As dusk fell on Ferguson, the grand jury’s decision in the Michael Brown case blanketed our nation in the chaotic darkness of conflicting emotions and responses. Anger, resentment and betrayal consumed many while others heralded the verdict as just and right. Some protested peacefully while others chose violence. Some applauded the judgment while others wept.
Yet regardless of your, or my, personal thoughts on this case – of which none of us outside of the courthouse have all of the information – the issue itself has re-opened a wound festering too long and too deep in our land. It is a systemic wound affecting each of us, whether we realize it or not. As Martin Luther King, Jr., wrote, “We are caught in an inescapable network of mutuality, tied in a single garment of destiny. Whatever affects one directly affects all indirectly.” We are in this together.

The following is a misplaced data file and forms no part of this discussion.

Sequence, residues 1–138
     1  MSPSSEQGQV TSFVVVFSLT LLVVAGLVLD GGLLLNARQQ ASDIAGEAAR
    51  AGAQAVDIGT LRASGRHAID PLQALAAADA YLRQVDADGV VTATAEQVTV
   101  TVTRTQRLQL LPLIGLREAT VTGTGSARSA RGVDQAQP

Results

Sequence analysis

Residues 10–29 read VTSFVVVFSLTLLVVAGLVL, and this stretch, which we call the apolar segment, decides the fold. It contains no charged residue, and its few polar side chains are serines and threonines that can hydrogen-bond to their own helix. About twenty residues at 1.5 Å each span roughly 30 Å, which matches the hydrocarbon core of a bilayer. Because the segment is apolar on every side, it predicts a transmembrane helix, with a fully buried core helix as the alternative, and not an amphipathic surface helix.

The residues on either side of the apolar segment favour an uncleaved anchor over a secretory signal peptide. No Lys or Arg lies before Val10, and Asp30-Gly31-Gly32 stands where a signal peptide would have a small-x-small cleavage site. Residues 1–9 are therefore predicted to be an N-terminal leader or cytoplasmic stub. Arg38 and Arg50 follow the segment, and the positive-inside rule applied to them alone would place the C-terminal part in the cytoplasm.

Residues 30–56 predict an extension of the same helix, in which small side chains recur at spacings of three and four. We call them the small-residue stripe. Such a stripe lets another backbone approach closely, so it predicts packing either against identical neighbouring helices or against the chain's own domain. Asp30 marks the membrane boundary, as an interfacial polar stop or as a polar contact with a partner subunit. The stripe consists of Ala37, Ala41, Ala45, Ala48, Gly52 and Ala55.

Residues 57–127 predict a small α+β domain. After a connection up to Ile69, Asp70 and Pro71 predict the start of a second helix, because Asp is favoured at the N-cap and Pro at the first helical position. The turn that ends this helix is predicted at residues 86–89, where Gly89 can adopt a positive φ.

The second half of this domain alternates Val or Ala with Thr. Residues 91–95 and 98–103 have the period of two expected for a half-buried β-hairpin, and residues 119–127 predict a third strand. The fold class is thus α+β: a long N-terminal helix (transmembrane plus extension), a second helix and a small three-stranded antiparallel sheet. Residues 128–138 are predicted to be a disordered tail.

You may not live in Ferguson and the outcome of this case may only exist as a discussion around the water coolers of your life, but each of us in our nation is impacted in some way through the disunity and inequity that continues to smolder underneath the collective conscience of our land. We are still, in many ways, a nation divided. Unfortunately, we are still, in many ways, divided in the church as well.
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